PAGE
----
Assessing functional language (Heilmann et al., 2020)

Purpose:The goal of this clinical focus article is to illustrate
how speech-language pathologists can document the
functional language of school-age children using language
sample analysis (LSA). Advances in computer hardware and
software are detailed making LSA more accessible for clinical use.
Method: The article illustrates how documenting schoolage
student’s communicative functioning is central to
comprehensive assessment and how using LSA can meet
multiple needs within this assessment. LSA can document
students’ meaningful participation in their daily life through
assessment of their language used during everyday tasks.
The many advances in computerized LSA are detailed with
a primary focus on the Systematic Analysis of Language
Transcripts (Miller & Iglesias, 2019). The LSA process is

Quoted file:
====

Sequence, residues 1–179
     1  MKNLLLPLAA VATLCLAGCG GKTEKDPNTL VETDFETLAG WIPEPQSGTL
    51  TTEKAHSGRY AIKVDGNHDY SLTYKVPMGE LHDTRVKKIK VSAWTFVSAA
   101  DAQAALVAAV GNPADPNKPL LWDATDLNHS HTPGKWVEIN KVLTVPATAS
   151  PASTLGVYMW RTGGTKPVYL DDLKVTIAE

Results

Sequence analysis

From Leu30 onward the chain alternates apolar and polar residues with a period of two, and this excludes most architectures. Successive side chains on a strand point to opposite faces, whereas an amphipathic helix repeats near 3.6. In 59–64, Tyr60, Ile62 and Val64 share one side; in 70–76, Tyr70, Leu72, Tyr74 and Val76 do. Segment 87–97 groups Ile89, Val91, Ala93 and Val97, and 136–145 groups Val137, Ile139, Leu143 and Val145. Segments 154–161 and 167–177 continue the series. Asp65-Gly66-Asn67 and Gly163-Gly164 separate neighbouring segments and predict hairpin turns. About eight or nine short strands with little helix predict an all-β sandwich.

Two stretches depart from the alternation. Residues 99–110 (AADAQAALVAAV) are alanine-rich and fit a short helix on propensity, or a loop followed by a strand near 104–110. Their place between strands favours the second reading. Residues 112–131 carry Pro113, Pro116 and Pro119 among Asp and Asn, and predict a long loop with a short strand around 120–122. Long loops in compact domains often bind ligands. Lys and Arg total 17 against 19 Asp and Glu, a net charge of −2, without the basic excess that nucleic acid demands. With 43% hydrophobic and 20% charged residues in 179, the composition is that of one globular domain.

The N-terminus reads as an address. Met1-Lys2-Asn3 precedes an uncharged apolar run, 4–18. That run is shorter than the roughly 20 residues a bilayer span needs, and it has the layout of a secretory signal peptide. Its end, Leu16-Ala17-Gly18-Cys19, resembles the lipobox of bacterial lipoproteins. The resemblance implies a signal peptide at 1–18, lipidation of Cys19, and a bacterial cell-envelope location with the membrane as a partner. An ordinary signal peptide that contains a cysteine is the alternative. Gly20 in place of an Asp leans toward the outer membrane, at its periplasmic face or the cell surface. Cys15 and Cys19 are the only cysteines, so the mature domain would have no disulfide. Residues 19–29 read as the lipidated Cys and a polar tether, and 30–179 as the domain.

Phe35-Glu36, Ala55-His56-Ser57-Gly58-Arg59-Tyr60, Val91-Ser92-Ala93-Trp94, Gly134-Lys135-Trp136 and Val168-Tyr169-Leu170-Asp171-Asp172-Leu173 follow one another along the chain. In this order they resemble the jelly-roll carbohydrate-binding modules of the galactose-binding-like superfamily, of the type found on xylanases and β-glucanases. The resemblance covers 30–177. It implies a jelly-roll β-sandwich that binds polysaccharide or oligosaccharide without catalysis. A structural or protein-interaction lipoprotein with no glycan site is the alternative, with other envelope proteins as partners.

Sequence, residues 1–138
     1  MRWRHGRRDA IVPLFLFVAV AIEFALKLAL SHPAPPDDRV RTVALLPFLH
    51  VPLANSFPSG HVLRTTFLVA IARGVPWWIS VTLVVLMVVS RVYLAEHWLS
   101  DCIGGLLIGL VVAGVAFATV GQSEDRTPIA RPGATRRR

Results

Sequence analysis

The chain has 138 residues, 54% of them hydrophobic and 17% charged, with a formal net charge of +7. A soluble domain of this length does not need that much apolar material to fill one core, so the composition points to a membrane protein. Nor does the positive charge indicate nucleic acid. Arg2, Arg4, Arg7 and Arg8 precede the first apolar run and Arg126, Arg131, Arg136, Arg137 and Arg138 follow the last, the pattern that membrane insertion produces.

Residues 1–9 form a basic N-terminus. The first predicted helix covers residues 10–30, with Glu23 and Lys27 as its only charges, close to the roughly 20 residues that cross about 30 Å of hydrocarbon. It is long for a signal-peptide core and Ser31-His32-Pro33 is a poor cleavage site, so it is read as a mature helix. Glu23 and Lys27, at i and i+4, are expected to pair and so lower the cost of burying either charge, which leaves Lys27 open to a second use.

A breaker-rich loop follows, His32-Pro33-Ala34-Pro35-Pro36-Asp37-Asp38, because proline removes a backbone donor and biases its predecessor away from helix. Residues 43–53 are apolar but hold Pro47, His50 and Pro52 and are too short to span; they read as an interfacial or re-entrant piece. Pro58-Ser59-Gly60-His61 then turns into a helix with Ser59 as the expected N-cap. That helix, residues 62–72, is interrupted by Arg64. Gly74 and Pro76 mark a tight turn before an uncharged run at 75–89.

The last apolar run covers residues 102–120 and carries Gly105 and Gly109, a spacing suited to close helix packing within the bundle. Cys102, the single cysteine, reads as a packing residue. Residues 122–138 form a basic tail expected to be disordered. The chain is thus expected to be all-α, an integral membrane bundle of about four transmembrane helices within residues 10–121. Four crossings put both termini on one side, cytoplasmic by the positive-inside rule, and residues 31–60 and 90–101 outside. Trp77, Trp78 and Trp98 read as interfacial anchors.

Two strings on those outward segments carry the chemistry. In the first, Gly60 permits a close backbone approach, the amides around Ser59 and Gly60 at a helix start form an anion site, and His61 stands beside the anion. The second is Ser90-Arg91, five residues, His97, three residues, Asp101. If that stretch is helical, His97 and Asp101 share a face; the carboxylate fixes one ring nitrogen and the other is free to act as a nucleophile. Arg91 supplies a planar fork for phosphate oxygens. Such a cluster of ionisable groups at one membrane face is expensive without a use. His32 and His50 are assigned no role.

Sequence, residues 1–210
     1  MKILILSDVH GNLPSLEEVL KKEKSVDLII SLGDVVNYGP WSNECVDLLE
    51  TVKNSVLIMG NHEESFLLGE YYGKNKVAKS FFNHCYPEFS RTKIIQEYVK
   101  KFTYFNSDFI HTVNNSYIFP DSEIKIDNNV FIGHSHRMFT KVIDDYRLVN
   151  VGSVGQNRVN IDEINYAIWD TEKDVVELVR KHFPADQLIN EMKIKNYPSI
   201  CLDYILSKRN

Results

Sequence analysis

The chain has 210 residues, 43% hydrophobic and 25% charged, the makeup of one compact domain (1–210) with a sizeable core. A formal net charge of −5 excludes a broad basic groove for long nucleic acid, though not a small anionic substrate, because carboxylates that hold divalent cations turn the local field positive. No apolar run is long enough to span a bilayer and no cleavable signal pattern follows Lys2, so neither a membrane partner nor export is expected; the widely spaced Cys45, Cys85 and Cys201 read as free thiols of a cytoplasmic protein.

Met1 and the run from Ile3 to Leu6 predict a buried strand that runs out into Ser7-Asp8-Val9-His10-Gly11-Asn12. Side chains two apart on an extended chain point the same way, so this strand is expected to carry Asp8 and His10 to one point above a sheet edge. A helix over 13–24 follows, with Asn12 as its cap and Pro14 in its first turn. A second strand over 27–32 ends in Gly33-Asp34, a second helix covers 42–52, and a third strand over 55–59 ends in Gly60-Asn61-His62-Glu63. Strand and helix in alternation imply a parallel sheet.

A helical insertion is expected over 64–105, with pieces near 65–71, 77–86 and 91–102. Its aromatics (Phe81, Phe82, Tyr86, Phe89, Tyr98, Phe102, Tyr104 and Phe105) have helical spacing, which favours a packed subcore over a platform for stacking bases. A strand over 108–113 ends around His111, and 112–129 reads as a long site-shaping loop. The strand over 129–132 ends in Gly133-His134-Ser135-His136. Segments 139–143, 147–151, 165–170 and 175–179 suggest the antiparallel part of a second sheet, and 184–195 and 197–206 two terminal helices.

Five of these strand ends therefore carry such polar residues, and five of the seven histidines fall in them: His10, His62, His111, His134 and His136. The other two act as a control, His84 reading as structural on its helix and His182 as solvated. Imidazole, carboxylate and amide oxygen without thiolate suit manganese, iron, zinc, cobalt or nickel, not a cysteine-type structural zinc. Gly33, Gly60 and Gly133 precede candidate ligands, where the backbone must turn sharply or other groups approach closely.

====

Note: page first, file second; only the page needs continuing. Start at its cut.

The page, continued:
reviewed detailing the steps necessary for computers
to calculate word, morpheme, utterance, and discourse
features of functional language.
Conclusion: These advances in computer technology
and software development have made LSA clinically
feasible through standardized elicitation and transcription
methods that improve accuracy and repeatability. In
addition to improved accuracy, validity, and reliability
of LSA, databases of typical speakers to document
status and automated report writing more than justify
the time required. Software now provides many
innovations that make LSA simpler and more accessible
for clinical use.

Supplemental Material S1. Play based—preschool.

Supplemental Material S2. Conversation—school age.

Supplemental Material S3. Narrative retell— Frog, where are you? (Mayer, 2003).
Supplemental Material S4. Expository—school age.


Supplemental Material S5. Persuasion.


Heilmann, J., Tucci, A., Plante, E., & Miller, J. F. (2020). Assessing functional language in school-aged children using language sample analysis. Perspectives of the ASHA Special Interest Groups. Advance online publication. https://doi.org/10.1044/2020_PERSP-19-00079